It's always a pleasure to welcome a new recording by American virtuoso violinist Rachel Barton Pine (b. 1974). She began her concert career at the age of ten with Erich Leinsdorf and the Chicago Symphony in the mid 1980's and her recording career with the Dorian and Cedille labels in the mid 1990's. It was here with Cedille that I first encountered her and, I'm proud to say, first began reviewing her recordings. She continued making records mostly with Cedille up until just a few years ago when she began working with Avie Records. While today she appears to be recording with both Cedille and Avie, whatever the record company she has continued to produce well poised and sweetly polished performances, with some of the best sound afforded a violinist. The present Avie disc is a case in point.
Here, Ms. Barton Pine tackles two giant works of the violin concerto genre, those by Dvorak and Khachaturian, starting the album with the Dvorak. Even though Dvorak's Violin Concerto took its place in the basic classical repertoire long ago, it has never seemed to quite catch on with the public the way those from Bach, Mozart, Beethoven, Mendelssohn, Paganini, Brahms, Tchaikovsky, and others have caught on. The Dvorak maybe hasn't quite the soaring lines, memorable melodies, and grand Romantic gestures we find in other popular concertos. Still, it offers its fair share of pleasures, which Ms. Barton Pine is eager to share with us.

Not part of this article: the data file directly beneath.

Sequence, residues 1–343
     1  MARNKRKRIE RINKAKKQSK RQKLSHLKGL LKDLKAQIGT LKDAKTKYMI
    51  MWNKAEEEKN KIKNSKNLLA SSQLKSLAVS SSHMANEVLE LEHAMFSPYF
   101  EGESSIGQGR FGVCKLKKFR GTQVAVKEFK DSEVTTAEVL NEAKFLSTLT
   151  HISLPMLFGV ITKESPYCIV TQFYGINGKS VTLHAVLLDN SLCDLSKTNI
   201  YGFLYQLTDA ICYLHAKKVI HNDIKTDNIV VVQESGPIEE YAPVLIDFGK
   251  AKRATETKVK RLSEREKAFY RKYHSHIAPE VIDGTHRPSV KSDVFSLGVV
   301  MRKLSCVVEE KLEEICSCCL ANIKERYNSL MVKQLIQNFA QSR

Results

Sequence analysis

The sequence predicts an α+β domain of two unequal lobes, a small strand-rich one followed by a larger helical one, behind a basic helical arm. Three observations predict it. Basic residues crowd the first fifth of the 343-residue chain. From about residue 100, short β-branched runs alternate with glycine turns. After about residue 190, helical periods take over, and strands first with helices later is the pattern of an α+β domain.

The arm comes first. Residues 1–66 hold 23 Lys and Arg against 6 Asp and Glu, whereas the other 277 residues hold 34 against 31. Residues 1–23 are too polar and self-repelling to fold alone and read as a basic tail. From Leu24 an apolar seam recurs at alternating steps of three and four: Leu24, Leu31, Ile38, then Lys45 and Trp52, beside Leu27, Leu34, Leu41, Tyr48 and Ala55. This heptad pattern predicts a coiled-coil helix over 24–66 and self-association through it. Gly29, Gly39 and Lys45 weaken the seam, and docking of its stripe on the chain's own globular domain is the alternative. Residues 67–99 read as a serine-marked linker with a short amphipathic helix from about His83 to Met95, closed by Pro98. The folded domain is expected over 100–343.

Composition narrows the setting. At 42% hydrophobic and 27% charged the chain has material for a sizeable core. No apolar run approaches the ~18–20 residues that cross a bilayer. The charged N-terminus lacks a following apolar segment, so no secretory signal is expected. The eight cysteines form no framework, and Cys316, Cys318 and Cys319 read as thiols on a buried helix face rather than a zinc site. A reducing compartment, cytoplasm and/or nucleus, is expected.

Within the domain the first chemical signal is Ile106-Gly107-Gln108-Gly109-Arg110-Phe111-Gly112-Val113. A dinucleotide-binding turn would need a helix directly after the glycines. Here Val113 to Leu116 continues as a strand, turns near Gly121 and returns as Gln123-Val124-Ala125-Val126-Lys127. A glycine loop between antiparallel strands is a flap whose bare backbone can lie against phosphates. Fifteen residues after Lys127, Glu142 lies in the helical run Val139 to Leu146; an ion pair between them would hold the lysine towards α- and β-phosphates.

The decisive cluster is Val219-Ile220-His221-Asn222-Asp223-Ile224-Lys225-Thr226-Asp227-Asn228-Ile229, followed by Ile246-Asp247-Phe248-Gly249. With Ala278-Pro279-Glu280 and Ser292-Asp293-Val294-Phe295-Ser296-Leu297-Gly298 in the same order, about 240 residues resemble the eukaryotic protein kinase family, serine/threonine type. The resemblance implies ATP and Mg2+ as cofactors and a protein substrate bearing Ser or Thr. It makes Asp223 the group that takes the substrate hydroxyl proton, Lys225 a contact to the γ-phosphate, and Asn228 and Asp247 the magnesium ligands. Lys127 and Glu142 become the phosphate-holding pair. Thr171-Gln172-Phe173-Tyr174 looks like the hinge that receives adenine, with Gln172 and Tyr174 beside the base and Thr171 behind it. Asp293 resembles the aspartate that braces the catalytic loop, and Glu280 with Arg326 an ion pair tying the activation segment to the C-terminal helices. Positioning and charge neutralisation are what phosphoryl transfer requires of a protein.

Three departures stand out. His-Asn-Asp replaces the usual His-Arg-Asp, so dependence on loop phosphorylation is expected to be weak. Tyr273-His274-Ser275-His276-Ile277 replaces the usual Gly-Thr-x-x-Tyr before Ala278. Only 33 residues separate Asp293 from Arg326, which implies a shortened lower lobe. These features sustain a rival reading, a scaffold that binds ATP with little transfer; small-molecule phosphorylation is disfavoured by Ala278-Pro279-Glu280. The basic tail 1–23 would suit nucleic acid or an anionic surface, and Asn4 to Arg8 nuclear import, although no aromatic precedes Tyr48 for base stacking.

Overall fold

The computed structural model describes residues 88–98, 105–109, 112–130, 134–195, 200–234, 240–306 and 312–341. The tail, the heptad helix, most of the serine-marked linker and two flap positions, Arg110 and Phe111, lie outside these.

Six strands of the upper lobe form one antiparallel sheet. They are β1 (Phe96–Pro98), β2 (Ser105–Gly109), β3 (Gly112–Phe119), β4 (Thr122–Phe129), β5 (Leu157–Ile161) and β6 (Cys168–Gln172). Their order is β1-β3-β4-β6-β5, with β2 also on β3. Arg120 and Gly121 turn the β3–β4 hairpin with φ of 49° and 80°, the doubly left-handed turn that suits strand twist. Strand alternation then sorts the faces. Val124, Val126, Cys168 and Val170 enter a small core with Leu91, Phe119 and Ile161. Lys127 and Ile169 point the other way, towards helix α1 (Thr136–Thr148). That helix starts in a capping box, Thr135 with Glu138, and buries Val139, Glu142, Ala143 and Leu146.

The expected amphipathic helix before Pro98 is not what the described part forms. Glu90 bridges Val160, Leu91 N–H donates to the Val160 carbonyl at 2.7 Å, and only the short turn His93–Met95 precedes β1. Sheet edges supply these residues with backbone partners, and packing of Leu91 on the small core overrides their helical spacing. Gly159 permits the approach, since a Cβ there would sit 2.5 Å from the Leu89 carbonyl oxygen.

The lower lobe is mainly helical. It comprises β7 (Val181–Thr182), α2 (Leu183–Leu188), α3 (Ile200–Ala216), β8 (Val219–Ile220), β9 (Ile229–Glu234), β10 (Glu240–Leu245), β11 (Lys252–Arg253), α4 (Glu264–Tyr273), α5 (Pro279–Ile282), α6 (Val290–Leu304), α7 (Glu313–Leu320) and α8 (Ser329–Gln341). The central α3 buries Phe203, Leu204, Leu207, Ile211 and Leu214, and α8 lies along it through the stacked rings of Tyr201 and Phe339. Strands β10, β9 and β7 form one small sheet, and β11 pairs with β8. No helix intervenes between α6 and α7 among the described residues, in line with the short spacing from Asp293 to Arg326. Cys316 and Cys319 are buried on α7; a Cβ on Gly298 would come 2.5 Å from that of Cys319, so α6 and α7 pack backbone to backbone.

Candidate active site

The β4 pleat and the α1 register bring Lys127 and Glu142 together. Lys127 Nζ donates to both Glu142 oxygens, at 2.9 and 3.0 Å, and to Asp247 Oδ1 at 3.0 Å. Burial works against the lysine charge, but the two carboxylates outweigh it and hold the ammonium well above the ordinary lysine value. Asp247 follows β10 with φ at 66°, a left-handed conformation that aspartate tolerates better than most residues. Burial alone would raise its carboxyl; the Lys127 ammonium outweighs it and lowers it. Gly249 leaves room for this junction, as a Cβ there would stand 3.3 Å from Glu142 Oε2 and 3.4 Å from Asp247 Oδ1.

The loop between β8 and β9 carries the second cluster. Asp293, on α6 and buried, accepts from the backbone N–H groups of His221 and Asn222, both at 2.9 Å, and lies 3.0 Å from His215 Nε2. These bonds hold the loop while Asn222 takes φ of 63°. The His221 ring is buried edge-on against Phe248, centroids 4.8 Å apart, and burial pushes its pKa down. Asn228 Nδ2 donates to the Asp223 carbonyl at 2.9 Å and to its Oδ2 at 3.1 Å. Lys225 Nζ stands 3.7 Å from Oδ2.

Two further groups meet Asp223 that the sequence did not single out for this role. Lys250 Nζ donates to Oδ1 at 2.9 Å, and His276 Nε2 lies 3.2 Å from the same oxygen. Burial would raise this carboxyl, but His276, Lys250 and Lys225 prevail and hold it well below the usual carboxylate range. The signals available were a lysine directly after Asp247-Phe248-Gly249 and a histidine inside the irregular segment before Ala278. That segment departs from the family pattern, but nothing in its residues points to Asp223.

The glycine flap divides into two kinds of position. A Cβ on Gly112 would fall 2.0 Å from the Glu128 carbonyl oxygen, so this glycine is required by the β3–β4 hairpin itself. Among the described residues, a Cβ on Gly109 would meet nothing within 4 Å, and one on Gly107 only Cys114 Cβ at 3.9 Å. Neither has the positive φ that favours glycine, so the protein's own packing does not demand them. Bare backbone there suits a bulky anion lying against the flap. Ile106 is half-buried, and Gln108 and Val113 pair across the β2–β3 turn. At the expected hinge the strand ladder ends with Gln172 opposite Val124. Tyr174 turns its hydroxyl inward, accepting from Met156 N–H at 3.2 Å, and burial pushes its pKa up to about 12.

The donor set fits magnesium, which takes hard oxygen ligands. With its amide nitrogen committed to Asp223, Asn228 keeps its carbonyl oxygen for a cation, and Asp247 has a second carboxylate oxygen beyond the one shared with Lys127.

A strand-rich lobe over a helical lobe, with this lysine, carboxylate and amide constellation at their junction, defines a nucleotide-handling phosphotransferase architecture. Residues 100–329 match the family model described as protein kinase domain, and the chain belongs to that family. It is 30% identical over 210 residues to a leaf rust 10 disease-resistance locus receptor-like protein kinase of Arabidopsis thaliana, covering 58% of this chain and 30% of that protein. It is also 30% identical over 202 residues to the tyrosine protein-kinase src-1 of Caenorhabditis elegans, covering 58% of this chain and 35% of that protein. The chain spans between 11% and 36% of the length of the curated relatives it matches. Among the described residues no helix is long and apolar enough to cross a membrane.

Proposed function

So, Czech composer Antonin Dvorak (1841-1904) wrote his Concerto for Violin and Orchestra in A minor, Op. 53 in 1879, premiering it in 1883. The famous Hungarian violinist, conductor, composer, and teacher Joseph Joachim inspired Dvorak to write the piece, and the composer intended for Joachim to play it. However, as it turned out, Joachim didn't much care for the finished work and never did perform it. Despite the violinist's skepticism, though, Dvorak released the piece, and the rest is history, as they say. Still, I have some lingering doubts myself. Maybe Joachim had something, the music never impressing me as much as it has impressed some others, even in the capable hands of Ms. Barton Pine.
|Rachel Barton Pine|
In the Finale Dvorak returns to the radiant, dance-like tunes and Czech folk melodies of the opening movement. Ms. Barton Pine's interpretation is a delight, and along with Perlman (EMI) and Mutter (DG) must now count as one of the best recorded performances of the work available.
Coupled with the Dvorak we find the Violin Concerto of Soviet-Armenian composer Aram Khachaturian (1903-1978). He wrote it in 1940, and Soviet violinist David Oistrakh premiered it the same year. Apparently, Khachaturian found much influence for the work from the folk music of his native Armenia. It is a surprisingly old-fashioned piece of music for the mid twentieth century, with much rhythm, vitality, and melody, which may explain why it won the Stalin Prize in 1941 from a notoriously conservative body of Soviet judges who at the time were pretty much down on anything sounding even vaguely modern.
Ms. Barton Pine plays the Khachaturian with abandon. It appears she has had plenty of practice in doing so as she says she had an immediate connection with the work, and for a while it was her "go-to concerto for competitions." She brings out all the folk-inspired qualities of the music and invests it with a profusion of color.
Producer Andrew Keener and engineer Simon Eadon recorded the concertos at RSNO Centre, Glasgow, Scotland in August 2018. The sound is quite good, with the soloist well centered and not too far out in front of the orchestra. Meanwhile, the orchestral detailing is also good, perhaps a tad bright and forward but nothing too objectionable. The dynamic range is wide, and transient impact is more than adequate. What's more, any minor edge in the upper frequencies is more than mitigated by the warmth of the lower midrange and upper bass. I don't think most people will be disappointed in Avie's sound.
To listen to a brief excerpt from this album, click below: